I'm lucky that I can use my phone to check WMATA's NextBus website to find the real-time bus information for our most commonly used stops and routes. If I didn't have that resource, however, taking the bus with a small child would be an immensely frustrating experience. While some children are perfectly happy to sit for 20 minutes or more at a bus stop surrounded by all kinds of intriguing trash and a wide-open street just begging to be played in, my son is not one of them.
Being able to check NextBus on my phone and time our arrival at the stop just in time to fold up the stroller and board the bus has been an absolute godsend. If instead I had to wait for at a bus stop with my son without knowing when the next bus was actually arriving, I would probably avoid taking the bus altogether.
WMATA has been talking about adding real-time arrival signs to more bus stops so everyone can have access to this information. The sooner they can move the program forward as quickly and comprehensively as possible, the better
Even with all the ups and downs of riding the bus, I've found that it can be a source of wonderful time spent with my son. We recently visited friends in Brooklyn whose son is close in age to our own. The sight of 2 little boys happily plopping themselves into seats on the bus after a full morning of adventure is one of my favorite memories of that trip.
So make your own memories and happy riding!
Cross-posted at Big Orange Bike.
To those who think biking alone in the city may seem perilous, biking with kids in the city can seem downright reckless. But there are lots of options to bring the kids safely along with you as you bike around the city.
From bakfietsen to Xtracycles, Kidical Mass DC, WABA, DDOT Safe Routes to School are presenting The ABC's of Family Biking to show off and demonstrate kid-friendly bike options this Saturday, 11 am to 2 pm at the Capitol Hill Montessori School at Logan, 215 G Street NE.
Whether they are add-ons to an existing bikes, such as bike seats and trailers, or full cargo bikes, like longtails and boxbikes, a number of products can help you and your kids explore new parts of the city together and perhaps even create a new daily commuting routine.
As the organizer of Kidical Mass DC, I love to share the ins-and-outs of biking with kids. Biking around DC with my son during the past 2 years has been more fun than I ever could have imagined. It's a joy for both of us because my son loves that we can pull over on the road whenever we see anything interesting. And I get a very real thrill that unlike other parents in the area, I don't have to worry about hunting for parking when I'm dropping him off at daycare. Plus, by using the bike to run everyday errands with him in tow, I'm teaching him that bikes are a safe, useful, and normal way of getting around.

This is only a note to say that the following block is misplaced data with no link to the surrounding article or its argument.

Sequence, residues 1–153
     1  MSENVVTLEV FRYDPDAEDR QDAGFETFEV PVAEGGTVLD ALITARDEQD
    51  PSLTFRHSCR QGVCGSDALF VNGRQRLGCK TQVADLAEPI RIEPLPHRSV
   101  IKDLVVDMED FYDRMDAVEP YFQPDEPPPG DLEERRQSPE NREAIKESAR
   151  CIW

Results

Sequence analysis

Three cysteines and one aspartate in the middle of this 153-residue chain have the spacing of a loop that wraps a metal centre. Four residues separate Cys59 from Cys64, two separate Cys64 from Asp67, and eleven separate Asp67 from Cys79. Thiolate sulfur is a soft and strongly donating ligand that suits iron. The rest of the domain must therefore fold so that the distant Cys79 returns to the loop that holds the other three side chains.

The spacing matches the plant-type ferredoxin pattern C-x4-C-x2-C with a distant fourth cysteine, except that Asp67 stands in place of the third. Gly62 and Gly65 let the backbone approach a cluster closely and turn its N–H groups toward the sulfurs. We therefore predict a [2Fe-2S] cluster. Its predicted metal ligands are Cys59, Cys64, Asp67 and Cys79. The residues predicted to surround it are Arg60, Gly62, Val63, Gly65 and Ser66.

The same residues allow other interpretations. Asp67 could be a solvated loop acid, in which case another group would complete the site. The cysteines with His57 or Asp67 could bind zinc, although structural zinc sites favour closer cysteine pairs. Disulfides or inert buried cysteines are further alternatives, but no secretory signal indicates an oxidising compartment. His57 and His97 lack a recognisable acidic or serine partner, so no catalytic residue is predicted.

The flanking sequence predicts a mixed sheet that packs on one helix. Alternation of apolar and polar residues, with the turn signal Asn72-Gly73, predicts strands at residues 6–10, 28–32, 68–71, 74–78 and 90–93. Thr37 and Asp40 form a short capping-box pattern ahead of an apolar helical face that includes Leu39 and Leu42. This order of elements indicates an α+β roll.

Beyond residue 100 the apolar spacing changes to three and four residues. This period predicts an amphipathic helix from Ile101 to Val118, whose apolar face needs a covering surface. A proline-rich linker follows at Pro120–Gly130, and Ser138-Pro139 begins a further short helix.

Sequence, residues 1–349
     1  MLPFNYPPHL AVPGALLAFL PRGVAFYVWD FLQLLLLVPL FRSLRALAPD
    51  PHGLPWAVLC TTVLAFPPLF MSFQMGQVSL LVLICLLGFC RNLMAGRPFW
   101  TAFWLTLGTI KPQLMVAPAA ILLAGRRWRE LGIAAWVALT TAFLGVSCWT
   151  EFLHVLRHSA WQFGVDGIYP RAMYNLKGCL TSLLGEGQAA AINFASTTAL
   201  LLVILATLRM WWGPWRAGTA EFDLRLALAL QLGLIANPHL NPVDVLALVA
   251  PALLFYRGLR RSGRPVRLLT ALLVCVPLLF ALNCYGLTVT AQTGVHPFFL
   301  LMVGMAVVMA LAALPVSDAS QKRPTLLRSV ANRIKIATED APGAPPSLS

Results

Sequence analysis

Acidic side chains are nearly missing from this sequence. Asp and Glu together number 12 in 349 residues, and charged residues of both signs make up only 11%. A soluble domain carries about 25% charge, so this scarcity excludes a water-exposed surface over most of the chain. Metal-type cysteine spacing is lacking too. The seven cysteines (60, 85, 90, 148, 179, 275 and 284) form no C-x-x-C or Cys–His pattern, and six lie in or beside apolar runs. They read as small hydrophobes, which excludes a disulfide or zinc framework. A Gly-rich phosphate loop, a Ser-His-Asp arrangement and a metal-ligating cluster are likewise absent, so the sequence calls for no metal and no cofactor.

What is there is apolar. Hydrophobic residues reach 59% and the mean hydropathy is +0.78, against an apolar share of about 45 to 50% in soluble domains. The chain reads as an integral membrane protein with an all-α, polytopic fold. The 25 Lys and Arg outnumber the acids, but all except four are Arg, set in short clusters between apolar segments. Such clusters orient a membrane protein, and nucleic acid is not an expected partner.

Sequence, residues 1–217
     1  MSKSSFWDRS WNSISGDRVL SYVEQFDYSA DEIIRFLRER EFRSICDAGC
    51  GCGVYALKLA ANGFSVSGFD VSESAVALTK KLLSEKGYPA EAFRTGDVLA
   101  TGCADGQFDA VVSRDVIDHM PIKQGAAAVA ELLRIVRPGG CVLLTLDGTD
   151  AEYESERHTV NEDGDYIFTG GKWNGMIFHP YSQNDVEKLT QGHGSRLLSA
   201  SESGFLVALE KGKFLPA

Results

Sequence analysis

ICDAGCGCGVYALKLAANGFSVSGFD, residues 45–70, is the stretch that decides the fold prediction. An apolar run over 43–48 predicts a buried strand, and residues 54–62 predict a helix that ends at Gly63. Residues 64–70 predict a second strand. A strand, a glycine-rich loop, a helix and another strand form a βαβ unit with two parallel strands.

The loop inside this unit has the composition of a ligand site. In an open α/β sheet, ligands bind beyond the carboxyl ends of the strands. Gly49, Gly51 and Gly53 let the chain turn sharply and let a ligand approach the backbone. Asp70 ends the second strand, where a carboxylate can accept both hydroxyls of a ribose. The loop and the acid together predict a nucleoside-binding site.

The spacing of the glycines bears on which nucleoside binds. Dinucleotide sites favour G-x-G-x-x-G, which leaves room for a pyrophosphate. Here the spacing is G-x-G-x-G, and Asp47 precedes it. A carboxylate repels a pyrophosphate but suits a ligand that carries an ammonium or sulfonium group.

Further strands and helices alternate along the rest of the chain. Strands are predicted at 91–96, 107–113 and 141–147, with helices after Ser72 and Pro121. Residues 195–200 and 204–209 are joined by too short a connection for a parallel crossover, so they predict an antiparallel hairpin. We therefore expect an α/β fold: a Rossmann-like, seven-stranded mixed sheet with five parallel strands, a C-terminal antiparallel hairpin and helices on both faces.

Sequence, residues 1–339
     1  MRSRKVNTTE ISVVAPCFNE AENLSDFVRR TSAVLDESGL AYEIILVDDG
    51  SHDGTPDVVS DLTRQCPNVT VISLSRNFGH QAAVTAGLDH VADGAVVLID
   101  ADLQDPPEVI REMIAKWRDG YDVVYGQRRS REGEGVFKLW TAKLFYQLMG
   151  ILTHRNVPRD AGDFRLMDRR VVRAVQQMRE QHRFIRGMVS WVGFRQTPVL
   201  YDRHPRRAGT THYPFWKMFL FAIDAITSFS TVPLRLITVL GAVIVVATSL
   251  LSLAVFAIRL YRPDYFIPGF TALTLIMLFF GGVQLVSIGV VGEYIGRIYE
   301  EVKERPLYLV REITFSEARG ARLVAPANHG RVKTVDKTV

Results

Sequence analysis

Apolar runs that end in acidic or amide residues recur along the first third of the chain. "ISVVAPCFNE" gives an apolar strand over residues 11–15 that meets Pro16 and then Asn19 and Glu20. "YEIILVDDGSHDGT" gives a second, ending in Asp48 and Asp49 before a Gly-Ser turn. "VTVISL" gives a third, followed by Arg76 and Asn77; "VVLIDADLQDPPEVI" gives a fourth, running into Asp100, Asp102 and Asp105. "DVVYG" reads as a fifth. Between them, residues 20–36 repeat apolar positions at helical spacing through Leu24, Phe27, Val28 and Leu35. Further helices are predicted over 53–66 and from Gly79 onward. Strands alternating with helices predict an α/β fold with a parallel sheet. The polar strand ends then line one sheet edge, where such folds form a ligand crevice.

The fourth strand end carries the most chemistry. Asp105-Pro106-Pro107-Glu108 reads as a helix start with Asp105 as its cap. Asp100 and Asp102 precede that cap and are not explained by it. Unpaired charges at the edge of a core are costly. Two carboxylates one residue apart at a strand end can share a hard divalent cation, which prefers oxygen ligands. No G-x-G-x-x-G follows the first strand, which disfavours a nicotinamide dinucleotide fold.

I've learned a lot about the different approaches to biking with kids and think that with the right knowledge, nearly any parent can share the delights of cycling with their own children. Below is a summary of some of the most common cycling options for parents who have kids aged from infancy to early school age, listed in order of cost.
Bike Seats ($)
If you want to try biking with your children without making a big investment in gear, aftermarket bike seats are a great first step. Easily adaptable to a variety of bike types and brands, relatively cheap, and offering the intimacy of having your child within arm's reach during the whole ride, bike seats that bolt onto either the front stem or rear rack of your bike are a great economical choice.
The most commonly-seen bike seats bike seats are Topeak's rear seat (ubiquitous in bike shops) and the iBert front-mounted seat, a neon green contraption that is outstanding for its ability to fit onto a broad range of bike types and sizes.
I have used both front and rear seats and there are pluses and minuses to both. Front seats are unbeatable for staying in contact with and monitoring the comfort of your child. Your child gets to see everything that's going on around him or her, and drivers can't miss the fact that you're child is with you.
A front seat's main disadvantage, in my view, is that they're only usable for 2 or maybe 3 years because most have a maximum weight limit of 35 pounds. Rear-mounted seats, though, will hold kids weighing up to 50 pounds. Kids riding behind cyclists are also a little more protected from the weather than kids riding on the front of the bike.
You should keep a few considerations in mind before you head out to the local bike shop. First, what kind of handlebars does your bike have? Front-mounted seats go best with upright or mountain-type handlebars. Also, some front-mounted seats only work with certain stem diameters and otherwise require adaptors to be used.
Additionally, make sure your kickstand is sturdy and well-balanced enough to handle the additional weight of a child on your bike. You might even want to look into aftermarket centerstands like this one available from Velo Orange to provide more balanced support for your bike.